The 13 Most Absurd 'Lizzie McGuire' Episodes That You Never Even Questioned
Lizzie McGuire was one of those shows that just got it. It understood what it felt like to be a child of the early '00s, what it was like to feel a little awkward in middle school, and especially what it was like to have a crush that was never quite reciprocated. This show stuck with people for years, many of the stars have spoken about how big of an impact Lizzie McGuire was for them, and it's cool to see it still being talked about even 15 years later. Every episode highlighted the different stages of adolescence, both beautiful and mortifying, but, if we're completely honest, there were some absurd Lizzie McGuire episodes that had you wondering exactly how Lizzie got herself into those kinds of situations. My middle school years were certainly never so interesting.
For example, there was the time Lizzie took a trip to Rome after middle school graduation and fell in love with a much older Italian pop star. Yeah, that was a little intense. But for all of the dramatics, there is still much to be said about the realism of every episode, and how it related so beautifully to life during that age. In case you forgot some of those crazy moments from Lizzie McGuire, here are 13 of the most absurd episodes ever.
Just the fact that the pilot episode of the show convinced a bunch of kids (us) to go for the idea that Lizzie has a little cartoon version of herself and is not insane is pretty miraculous. That may have been the best and most absurd part of this show.
2. "I've Got Rhythmic"
I don't remember Rhythmic Gymnastics ever being a thing — now or ever. Not even this episode could increase the popularity of this sport, but at least they tried. Maybe what they need is to have Elizabeth Banks produce a film about it and, like a capella, it will make a cool comeback.
3. "Rise And Fall Of Kate"
That one time Kate broke her collar bone, and Lizzie became captain of the cheer-leading squad. I'm almost certain that your position doesn't get taken away from you that fast in real life.
4. "Gordo And The Dwarves"
This episode, in which Gordo was obsessed with a board game, was absolutely ridiculous. I mean, video games would have been a way more realistic choice than a simple board game. Duh.
5. "The Longest Yard"
Any episode that features Lizzie's younger brother Matt's friend Lanny is pretty ridiculous in the best way. In this one, Lanny refuses to speak, but, somehow, Matt understands everything he is saying. There is no way a kid could get this far in life by voluntarily choosing not to speak. I'm not buying it.
6. "Just Friends"
It's absurd how spot0on this episode was. Lizzie tries to find out what Ethan Craft is interested in so that she can turn herself into his perfect woman, and I don't think there is a girl on earth who didn't try this strategy in middle school. Disclaimer: It never works.
7. "You're A Good Man, Lizzie McGuire"
This is the episode where Kate accidentally knocks down the bust of their principal, and Lizzie is forced to confess so spring fling isn't canceled for the whole school. While it was a noble act, I'm more confused by the fact that the school commissioned a bust of the principal to be made, but then didn't bother to secure it. They should have been at fault there.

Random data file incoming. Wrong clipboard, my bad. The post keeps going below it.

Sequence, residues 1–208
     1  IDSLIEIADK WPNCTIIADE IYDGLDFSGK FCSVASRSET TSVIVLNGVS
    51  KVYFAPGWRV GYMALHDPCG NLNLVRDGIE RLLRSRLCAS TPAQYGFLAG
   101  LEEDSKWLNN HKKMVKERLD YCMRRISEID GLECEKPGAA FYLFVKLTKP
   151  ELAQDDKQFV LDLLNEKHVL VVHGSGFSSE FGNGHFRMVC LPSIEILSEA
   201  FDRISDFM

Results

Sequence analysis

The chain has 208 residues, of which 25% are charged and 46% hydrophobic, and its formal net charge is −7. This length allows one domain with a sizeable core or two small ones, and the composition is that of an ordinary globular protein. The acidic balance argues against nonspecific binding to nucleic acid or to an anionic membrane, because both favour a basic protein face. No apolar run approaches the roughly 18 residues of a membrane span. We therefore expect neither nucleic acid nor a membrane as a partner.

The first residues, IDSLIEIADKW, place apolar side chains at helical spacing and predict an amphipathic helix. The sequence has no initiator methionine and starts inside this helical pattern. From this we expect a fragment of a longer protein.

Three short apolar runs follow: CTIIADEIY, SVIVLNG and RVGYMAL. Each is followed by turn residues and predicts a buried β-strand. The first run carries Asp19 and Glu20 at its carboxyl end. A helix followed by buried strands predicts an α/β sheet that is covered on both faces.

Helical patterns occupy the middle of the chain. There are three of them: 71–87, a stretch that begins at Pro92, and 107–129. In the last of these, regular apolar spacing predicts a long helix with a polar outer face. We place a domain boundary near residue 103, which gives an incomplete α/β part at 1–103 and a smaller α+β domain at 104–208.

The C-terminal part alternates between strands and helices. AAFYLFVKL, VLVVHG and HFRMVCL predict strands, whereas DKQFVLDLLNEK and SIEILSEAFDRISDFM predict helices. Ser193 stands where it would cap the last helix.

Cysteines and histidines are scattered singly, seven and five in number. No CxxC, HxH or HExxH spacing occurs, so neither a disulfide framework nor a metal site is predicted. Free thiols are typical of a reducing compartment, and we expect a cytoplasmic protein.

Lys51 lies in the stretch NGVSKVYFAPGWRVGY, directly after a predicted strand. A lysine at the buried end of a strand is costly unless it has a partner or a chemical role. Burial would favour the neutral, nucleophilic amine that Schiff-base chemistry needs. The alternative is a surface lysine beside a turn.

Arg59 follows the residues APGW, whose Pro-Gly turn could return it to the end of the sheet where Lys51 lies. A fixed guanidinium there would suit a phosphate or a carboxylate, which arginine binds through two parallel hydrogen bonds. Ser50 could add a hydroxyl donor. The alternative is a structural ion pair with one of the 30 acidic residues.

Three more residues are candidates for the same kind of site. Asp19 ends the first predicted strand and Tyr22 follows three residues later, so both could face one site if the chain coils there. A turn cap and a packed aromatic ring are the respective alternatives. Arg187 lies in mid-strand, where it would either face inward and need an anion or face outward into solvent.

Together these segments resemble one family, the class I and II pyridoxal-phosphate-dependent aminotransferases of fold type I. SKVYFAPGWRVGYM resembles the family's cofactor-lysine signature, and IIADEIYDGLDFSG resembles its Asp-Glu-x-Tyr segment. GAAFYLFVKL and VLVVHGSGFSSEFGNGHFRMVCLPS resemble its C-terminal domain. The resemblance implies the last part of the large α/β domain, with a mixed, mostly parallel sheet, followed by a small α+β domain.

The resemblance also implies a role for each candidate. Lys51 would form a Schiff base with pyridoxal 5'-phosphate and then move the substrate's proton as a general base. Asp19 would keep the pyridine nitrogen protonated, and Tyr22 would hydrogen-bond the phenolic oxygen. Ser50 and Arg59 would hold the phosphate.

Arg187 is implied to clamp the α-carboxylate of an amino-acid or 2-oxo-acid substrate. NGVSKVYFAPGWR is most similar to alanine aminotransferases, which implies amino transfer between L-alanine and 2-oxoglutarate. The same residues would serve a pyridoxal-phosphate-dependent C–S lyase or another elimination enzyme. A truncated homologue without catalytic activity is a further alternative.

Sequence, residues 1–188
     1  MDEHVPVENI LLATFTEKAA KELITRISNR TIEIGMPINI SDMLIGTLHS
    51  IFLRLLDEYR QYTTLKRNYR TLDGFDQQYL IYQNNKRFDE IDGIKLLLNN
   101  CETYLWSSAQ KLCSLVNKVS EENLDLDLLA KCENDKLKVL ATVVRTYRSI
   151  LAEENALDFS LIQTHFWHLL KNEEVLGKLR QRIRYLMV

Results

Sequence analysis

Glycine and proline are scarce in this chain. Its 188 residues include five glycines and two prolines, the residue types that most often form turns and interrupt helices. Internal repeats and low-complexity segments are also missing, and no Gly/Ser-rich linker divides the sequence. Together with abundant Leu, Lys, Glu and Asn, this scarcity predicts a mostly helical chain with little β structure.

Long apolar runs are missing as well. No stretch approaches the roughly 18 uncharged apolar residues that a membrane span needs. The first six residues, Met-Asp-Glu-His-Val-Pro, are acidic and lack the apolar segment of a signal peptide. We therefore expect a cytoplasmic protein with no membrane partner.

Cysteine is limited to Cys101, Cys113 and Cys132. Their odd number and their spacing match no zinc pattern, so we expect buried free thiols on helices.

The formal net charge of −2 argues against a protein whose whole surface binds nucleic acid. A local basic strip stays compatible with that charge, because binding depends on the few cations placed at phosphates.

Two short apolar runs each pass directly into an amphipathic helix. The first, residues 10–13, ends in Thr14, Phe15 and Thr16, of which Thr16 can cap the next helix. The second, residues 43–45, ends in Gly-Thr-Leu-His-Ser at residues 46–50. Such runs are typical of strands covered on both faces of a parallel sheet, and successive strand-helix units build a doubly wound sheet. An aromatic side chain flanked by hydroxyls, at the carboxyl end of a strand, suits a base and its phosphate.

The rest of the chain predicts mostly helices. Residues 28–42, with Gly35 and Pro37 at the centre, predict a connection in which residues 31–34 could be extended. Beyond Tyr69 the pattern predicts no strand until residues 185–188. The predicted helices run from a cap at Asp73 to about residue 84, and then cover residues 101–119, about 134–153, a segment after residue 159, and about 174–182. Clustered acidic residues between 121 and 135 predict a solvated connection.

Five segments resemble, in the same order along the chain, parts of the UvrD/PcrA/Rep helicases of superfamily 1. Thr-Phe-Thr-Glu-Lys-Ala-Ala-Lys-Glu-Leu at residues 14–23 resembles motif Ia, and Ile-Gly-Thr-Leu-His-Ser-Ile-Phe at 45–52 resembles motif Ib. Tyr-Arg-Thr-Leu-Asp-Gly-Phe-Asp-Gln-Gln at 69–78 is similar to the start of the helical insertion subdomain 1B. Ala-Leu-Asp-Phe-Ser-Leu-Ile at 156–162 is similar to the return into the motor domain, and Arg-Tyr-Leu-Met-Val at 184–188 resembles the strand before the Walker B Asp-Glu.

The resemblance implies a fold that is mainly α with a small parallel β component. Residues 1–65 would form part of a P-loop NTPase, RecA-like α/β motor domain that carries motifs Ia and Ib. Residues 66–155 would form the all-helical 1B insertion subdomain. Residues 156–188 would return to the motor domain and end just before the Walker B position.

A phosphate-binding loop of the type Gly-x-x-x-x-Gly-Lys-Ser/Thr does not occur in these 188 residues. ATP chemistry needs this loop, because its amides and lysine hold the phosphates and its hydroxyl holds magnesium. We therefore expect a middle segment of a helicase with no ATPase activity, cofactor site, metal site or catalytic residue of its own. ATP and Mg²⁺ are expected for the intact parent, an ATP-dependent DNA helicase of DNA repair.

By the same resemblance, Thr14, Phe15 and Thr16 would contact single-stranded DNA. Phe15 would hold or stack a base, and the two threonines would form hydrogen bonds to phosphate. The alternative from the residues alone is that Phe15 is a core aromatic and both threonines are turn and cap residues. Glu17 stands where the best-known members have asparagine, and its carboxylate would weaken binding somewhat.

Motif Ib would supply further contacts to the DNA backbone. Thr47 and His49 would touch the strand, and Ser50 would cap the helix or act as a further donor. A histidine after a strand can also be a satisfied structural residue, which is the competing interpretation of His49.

8. "Aaron Carter's Coming To Town"
Thanks to this episode, every girl watching believed that celebrities like Aaron Carter fell in love with fans all the time. Sadly, the unrealistic expectations set by this episode still traumatize me to this day.
9. "Those Freaky McGuires"
In this episode, Matt and Lizzie switched bodies for a day, and he still managed to make her semi-presentable in public. If I ever switched bodies with one of my siblings, I would turn their lives upside down for fun. What else are siblings for? Oh, and the switching bodies thing was pretty absurd, too.
10. "Lizzie In The Middle"
How come when any time a famous person came to visit the show, they had an instant love connection with Lizzie? Enter Frankie Muniz, playing Frankie Muniz. Lizzie never even stood a chance.
11. "She Said, He Said, She Said"
Who could forget the food fight to end all food fights? This show is what made food fights seem like a reality, instead of a distant and hopeful memory. I feel bad for anyone who worked in a middle school cafeteria in 2002, because I'm sure this episode inspired some pretty epic food fights for months after.
12. "My Fair Larry"
Miranda throws a house party. Enough said. House parties in middle school were never a thing. No matter how hard this show tried to make it seem like a reality, it simply wasn't. What parent would leave a middle schooler home alone?
13. "Movin' On Up"
Gordo was able to move up a grade to high school, but then missed his friends and decided to stay in middle school. I'm pretty sure that's not at all how it works in the real world. You can't just change grades at your whim. Otherwise I would have graduated high school when I was six, just so I didn't have to go to more school.
I loved this show as much as the next person, but there were a few things that were pretty far fetched. Then again, that's what made it such a relatable show. It dramatized your worst social situations and made you see how you could survive your comparatively smaller problems. Lizzie McGuire will always be iconic, ridiculousness and all.
Images: Buena Vista Television; Giphy (13)